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Applying a Biodeposition Layer to Increase the Bond of a Repair Mortar on a Mortar Substrate



Didier Snoeck, Jianyun Wang, Dale P. Bentz, Nele De Belie


One of the major concerns in infrastructure repair is a sufficient bond between the substrate and the repair material, especially for the long-term performance and durability of the repaired structure. In this study, the bond of the repair material on the mortar substrate is promoted via the biodeposition of a calcium carbonate layer by a ureolytic bacterium. X-ray diffraction and scanning electron microscopy were used to examine the interfaces between the repair material and the substrate, as well as the polymorph of the deposited calcium carbonate. The approximately 50 µm thick biodeposition film on the mortar surface mostly consisted of calcite and vaterite. Both the repair material and the substrate tended to show a good adherence to that layer. The bond, as assessed by slant shear specimen testing, was improved by the presence of the biodeposition layer. A further increase was found when engineering the substrate surface using a structured pattern layer of biodeposition.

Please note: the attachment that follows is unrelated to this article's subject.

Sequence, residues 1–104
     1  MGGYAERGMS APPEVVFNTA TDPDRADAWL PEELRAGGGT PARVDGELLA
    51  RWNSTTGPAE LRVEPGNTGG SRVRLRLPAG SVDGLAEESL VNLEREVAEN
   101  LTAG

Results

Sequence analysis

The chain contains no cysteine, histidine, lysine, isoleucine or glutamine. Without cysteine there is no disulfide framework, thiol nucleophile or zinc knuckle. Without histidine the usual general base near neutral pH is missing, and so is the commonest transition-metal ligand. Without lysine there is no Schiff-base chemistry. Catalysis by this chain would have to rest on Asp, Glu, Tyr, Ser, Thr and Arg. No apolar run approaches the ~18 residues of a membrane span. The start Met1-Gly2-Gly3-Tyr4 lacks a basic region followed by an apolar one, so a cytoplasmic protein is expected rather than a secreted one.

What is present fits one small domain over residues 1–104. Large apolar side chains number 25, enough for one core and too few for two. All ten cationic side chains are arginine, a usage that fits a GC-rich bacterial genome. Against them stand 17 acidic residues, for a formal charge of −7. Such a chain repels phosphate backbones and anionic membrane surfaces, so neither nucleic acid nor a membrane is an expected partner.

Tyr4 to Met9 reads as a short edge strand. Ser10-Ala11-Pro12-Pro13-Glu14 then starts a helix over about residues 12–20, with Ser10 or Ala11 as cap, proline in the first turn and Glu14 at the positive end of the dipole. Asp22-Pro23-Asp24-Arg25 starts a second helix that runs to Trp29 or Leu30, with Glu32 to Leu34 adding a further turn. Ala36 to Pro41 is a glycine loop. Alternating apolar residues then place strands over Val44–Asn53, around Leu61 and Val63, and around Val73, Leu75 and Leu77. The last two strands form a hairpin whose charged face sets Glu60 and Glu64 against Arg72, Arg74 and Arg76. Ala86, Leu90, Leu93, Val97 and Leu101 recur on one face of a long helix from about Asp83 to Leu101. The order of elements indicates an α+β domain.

Cement and Concrete Composites


Bacteria, biodeposition, bond strength, EDX, mortar, X-ray diffraction


Snoeck, D. , Wang, J. , Bentz, D. and De Belie, N. (2017), Applying a Biodeposition Layer to Increase the Bond of a Repair Mortar on a Mortar Substrate, Cement and Concrete Composites, [online],, (Accessed April 24, 2024)
Created October 31, 2017, Updated October 12, 2021